Rated 3 out of 5 by from So THAT'S why life on earth sucks It turns out that the reason the earth has problems is that God, supreme and almighty creator, was handed the job by his mother, who won it in a game of cosmic poker. This is the glorious, zany, and often dark conceit of There Is No Dog, by Meg Rosoff. Our God, Bob, is an eternal teenager who sleeps late, mixes up Africa and America and then blames the subsequent droughts and floods on his non-existent dyslexia, and tends to fall in love with beautiful human girls, generally with disastrous results. He’s taken care of by his majordomo, the mild-mannered and long-suffering Mr. B. As the book opens, Bob falls for Lucy, a mortal assistant zookeeper, and his hormones jack into Earth’s weather systems and create meteorological havoc. In the meantime, Bob’s pet Eck (described as a sort of penguiny creature with a long snout who eats as though his stomach has no bottom) ends up on another deity’s menu. Mr. B decides that at long last, he’s had enough and puts in his resignation, leaving the fate of the planet in the hands of a kid who has flashes of brilliance but mostly insists that all the bad stuff that’s happened as a direct result of his negligence, his whims, or his deep misunderstandings about how things should be, is simply not his fault! Overall, this story delightful. Rosoff’s writing style is reminiscent of Douglas Adams at his most tongue-in-cheek, and she pulls of the surreal with grace and ease. And this book has Eck, who is just marvelous. When we see the world through Eck’s eyes, his infinite capacity to forgive and love underscores all of the problems with his owner. All of the characters are well crafted. You want to smack Bob for his teenaged stupidity, give Mr. B a sympathetic hug and a cup of tea, amd throttle Bob’s mother Mona for her frivolousness. The book is saying some interesting things about bad parenting underneath its froth. The pacing is a bit uneven, dwelling on Bob’s ongoing quest to quench his lust and Lucy’s mother’s love for her priest friend longer than necessary. Switches between past and present tense, sometimes within the same chapter and even from the same point of view, are somewhat jarring as well—this kind of tense jumping can be done successfully, of course, but it’s unnecessary here. But the humour never flags, and Rosoff does a good job of drawing on a deep philosophical well for what is otherwise a fantastic premise with a fairly slight plot. I’m a bit perplexed by the title. It sounds like something thought up by committee—kind of a joke, a bit of a pun, definitely meant to convey some flippancy, but it really doesn’t fit the narrative or the point of the novel. That said, don’t let these small grievances deter you. This is a great, fun read with many snicker-out-loud moments. And if you’re like me, you’ll want to get an Eck of your very own. ~*~ Like this excerpt? Read the full review, plus other book reviews, at http://editorialeyes.wordpress.com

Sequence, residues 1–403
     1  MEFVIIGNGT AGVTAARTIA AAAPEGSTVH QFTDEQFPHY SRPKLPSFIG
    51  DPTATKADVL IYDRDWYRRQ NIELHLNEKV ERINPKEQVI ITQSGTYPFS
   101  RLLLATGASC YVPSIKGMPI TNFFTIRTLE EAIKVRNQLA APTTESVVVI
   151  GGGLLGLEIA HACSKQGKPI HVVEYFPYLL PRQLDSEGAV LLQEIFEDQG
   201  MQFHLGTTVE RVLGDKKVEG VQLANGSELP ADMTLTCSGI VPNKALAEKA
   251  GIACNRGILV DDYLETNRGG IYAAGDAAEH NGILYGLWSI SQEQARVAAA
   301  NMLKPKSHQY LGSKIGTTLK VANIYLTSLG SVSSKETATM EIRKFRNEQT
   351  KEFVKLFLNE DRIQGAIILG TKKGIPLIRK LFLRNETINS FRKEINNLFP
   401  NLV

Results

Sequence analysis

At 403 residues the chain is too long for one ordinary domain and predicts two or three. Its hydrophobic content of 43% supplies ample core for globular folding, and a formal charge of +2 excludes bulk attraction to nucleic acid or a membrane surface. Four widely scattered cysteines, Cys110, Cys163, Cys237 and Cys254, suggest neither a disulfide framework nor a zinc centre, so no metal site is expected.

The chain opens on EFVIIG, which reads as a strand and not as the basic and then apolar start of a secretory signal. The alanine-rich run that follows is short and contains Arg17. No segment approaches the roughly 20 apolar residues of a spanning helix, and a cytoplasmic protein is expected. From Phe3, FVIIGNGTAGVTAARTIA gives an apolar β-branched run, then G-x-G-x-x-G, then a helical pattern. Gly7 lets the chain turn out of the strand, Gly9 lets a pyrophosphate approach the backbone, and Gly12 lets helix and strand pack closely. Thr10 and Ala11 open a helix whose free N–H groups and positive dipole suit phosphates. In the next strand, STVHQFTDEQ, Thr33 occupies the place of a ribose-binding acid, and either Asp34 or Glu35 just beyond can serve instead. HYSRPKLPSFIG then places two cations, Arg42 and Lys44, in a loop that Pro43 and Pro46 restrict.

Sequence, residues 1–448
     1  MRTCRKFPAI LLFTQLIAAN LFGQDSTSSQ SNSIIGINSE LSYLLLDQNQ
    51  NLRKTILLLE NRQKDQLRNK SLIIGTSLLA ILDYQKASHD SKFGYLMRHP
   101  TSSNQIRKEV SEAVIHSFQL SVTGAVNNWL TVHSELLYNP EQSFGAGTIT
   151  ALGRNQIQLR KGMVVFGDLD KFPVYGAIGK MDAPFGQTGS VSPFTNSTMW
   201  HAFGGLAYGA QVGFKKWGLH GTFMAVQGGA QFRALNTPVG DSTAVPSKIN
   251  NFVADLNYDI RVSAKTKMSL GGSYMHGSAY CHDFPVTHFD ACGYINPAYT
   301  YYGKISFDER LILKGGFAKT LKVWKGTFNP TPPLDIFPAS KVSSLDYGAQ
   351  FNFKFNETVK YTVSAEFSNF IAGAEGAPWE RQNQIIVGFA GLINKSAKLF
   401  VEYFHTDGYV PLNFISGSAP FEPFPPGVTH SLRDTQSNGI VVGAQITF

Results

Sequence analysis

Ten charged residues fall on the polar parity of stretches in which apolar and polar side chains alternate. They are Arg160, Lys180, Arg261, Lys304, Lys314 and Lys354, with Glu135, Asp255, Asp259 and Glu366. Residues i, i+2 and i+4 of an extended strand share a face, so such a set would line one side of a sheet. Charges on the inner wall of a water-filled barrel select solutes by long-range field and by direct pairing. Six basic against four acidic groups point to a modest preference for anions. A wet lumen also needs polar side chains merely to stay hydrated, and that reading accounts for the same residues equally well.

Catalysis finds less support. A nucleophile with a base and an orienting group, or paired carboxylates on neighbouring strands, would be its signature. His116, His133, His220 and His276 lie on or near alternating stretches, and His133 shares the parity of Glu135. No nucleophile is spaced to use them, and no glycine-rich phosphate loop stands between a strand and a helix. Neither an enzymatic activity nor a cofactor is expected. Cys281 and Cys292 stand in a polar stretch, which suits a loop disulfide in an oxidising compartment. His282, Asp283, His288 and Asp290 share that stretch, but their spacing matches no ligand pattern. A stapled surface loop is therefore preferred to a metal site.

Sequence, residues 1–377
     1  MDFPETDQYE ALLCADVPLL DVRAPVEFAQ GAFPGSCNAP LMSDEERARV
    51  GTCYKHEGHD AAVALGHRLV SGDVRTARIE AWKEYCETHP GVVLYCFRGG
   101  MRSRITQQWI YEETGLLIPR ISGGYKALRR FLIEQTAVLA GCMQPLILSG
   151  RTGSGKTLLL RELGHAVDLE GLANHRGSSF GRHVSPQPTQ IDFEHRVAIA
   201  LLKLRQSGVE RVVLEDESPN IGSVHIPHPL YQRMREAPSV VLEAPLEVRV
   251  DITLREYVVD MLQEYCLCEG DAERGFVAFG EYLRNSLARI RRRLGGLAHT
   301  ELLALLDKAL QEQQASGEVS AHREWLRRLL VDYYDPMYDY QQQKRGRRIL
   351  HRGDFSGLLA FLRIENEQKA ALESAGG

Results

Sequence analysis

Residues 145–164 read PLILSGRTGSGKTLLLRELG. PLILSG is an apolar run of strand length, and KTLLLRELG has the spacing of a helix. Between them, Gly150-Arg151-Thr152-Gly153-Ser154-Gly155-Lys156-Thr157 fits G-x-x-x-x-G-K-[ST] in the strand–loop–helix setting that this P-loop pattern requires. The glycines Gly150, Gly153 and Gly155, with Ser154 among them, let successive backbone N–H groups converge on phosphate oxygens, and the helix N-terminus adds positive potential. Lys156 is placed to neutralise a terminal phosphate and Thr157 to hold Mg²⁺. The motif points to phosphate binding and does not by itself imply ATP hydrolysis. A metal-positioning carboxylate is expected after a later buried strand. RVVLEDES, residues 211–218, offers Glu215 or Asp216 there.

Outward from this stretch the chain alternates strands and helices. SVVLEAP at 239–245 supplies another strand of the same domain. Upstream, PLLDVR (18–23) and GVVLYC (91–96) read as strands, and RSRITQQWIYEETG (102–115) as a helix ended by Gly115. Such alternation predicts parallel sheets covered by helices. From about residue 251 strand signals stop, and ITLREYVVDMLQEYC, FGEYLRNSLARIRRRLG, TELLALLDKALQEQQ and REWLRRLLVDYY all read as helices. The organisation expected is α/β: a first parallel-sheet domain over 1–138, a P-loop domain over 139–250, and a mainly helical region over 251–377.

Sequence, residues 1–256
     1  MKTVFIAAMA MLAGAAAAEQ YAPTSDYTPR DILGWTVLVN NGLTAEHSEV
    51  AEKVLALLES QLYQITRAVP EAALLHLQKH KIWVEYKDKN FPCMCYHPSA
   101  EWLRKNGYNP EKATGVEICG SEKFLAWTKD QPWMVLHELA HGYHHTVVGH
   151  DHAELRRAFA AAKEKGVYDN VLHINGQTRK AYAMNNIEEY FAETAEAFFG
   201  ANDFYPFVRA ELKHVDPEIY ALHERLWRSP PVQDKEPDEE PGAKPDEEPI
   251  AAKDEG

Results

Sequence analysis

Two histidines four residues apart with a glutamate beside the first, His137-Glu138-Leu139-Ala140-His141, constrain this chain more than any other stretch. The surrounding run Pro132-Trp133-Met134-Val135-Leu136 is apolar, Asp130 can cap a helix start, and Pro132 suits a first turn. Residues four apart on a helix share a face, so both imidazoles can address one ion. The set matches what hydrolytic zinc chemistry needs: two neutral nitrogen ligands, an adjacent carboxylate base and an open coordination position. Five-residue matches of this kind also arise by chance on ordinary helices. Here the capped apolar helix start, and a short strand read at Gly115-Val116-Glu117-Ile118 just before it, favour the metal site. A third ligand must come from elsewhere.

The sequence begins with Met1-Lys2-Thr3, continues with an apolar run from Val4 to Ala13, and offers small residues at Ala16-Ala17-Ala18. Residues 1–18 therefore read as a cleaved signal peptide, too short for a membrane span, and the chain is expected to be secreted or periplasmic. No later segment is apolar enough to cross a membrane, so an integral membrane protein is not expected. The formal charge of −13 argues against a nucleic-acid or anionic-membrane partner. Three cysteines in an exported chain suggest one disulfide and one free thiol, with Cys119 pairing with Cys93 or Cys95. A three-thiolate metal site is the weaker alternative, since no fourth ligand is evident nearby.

Date published: 2011-10-21